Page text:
The Yomiuri ShimbunDear Troubleshooter:
I’m a female part-time worker in my 30s raising two children. My older child in primary school has developmental problems. The younger child goes to a nursery school. I’m sick and tired of people blaming me for every problem involving the younger child.
When my younger child had a fever for consecutive days, a doctor told me it stemmed from my absence. I was out only two days a week for my part-time work. Regarding the child’s left-handedness and unsuccessful efforts to switch to the right hand, a nursery school teacher told me the school can’t help in the matter and I should have taken measures when the child was younger. The teacher also blamed me for the child’s lack of calm, telling me to pay more attention to the child.
I’ve put a lot of effort into raising my children. In practice, however, I couldn’t spend enough time caring for my younger child because taking care of the older one consumes a lot of my time and energy. I’m very sad, because I feel like I’ve been labeled a failure as a mother.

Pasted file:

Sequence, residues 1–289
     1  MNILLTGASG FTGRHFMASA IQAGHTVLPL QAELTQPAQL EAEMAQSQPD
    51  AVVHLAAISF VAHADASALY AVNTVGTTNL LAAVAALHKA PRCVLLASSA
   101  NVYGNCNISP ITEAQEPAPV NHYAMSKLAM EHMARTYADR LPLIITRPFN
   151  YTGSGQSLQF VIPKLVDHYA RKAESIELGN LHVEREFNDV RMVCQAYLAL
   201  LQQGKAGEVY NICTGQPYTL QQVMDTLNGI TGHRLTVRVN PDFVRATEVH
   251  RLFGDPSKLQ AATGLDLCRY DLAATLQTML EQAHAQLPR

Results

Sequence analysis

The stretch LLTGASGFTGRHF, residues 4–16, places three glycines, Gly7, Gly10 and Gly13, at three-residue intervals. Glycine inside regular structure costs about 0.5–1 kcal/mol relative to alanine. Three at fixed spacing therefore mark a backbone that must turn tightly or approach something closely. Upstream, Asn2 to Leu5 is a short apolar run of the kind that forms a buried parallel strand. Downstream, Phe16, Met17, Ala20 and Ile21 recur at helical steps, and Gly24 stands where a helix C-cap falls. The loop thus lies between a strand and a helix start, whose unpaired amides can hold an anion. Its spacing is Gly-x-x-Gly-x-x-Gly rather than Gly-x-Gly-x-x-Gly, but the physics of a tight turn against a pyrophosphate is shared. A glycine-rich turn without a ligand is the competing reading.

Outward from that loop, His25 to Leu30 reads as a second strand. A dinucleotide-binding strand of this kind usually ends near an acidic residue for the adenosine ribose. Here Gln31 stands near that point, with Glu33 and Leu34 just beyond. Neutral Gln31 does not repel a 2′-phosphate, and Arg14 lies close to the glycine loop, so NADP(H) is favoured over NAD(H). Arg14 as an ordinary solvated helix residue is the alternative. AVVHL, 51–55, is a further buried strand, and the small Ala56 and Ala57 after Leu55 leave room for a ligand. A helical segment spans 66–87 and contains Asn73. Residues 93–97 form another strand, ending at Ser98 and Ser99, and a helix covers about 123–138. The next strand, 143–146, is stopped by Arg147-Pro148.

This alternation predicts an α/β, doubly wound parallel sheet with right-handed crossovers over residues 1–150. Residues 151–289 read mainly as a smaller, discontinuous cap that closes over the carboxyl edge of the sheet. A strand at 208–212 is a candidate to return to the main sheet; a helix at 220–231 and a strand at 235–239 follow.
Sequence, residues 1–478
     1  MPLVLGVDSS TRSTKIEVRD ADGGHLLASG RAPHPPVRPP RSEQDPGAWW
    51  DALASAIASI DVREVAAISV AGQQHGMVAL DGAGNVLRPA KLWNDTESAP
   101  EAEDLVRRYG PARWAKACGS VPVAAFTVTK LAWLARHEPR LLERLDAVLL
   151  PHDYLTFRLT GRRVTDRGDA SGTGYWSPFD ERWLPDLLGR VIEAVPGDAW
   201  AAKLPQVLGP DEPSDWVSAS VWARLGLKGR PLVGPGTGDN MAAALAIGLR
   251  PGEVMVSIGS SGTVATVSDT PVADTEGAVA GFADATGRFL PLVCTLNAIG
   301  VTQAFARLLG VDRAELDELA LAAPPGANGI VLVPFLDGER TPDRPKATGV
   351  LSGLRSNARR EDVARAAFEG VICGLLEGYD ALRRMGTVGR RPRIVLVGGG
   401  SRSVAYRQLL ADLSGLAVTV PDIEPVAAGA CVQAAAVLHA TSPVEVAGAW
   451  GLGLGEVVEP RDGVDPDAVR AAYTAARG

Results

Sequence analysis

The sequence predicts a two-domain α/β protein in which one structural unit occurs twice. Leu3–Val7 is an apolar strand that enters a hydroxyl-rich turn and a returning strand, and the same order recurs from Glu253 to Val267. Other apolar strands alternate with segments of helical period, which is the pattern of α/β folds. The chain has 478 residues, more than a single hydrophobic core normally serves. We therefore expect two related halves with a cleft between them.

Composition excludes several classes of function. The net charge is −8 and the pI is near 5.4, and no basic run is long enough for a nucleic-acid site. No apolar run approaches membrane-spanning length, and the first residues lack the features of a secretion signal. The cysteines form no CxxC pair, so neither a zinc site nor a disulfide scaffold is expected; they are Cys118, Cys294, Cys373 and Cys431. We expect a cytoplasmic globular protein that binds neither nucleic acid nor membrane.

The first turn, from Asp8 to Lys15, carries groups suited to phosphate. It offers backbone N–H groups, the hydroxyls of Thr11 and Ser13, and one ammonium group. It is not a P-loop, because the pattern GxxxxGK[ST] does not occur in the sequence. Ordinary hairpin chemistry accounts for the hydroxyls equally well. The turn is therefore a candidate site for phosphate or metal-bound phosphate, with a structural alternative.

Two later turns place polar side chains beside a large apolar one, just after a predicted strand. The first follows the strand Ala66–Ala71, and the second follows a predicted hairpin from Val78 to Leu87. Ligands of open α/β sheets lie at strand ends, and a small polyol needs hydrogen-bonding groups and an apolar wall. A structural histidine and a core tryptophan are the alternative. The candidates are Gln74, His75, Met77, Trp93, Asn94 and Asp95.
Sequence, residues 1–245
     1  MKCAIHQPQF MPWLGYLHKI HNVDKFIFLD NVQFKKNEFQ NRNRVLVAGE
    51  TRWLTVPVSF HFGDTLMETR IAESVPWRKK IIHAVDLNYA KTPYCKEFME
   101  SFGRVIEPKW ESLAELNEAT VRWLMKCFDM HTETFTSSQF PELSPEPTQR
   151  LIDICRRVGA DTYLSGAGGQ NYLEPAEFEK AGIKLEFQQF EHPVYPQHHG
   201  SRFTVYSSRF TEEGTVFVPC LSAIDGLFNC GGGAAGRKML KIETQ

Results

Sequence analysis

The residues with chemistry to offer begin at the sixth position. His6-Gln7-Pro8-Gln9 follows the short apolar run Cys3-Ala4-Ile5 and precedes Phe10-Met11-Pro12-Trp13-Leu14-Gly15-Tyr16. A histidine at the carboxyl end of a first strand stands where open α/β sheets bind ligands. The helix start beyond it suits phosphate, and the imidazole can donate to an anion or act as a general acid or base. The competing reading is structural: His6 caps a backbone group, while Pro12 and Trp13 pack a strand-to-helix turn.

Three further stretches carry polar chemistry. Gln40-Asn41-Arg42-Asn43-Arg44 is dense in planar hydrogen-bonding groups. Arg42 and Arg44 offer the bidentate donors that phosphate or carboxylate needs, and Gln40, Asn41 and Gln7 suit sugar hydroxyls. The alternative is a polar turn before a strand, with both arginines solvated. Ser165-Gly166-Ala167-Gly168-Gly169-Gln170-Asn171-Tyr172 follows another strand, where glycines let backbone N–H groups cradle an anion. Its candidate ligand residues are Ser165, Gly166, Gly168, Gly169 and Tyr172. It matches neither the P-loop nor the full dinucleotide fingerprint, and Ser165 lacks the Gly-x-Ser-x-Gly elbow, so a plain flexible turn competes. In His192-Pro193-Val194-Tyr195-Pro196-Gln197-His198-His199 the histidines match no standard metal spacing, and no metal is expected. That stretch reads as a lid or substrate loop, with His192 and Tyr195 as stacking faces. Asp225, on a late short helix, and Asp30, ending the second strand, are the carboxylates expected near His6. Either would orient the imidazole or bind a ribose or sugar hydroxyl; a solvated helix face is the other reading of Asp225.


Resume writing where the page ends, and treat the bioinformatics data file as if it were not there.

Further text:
I’ve asked my mother for advice so far, but I can’t do it now because she’s in the hospital. My husband is cooperative in raising our children, but doesn’t do anything about my worries except listen to me.
N, Wakayama Prefecture
Dear Ms. N:
Mothers are very important to children, who, however, are also supported by many other people while they’re growing. I can’t believe some people still insist that mothers take all responsibility for their children.
Reading your letter, I recalled that my two daughters simultaneously had a cold when they were very young. When I told a pediatrician that my carelessness had resulted in their colds, the doctor said: “Don’t blame yourself that way. It was caused by a viral infection. It’s not your fault.” I still remember I was so grateful to hear that, I almost choked with tears.
After that, I thought more often about what I could do for my children. As a result, I not only came up with improvements but also noticed many things I couldn’t cope with alone. I therefore became able to consider whom I should ask for help and how.
You’ve done your best, so be confident in yourself. Although you may be often upset by the negative opinions of people around you, take them as favorably as possible as a kind of advice for your children’s sake. To have this mind-set, don’t try to cope with everything by yourself but find people who will support you. You can certainly meet someone who appreciates your efforts at a child-rearing support center in your neighborhood. I’m one of these supporters for mothers involved in such activities.
Masami Ohinata, professor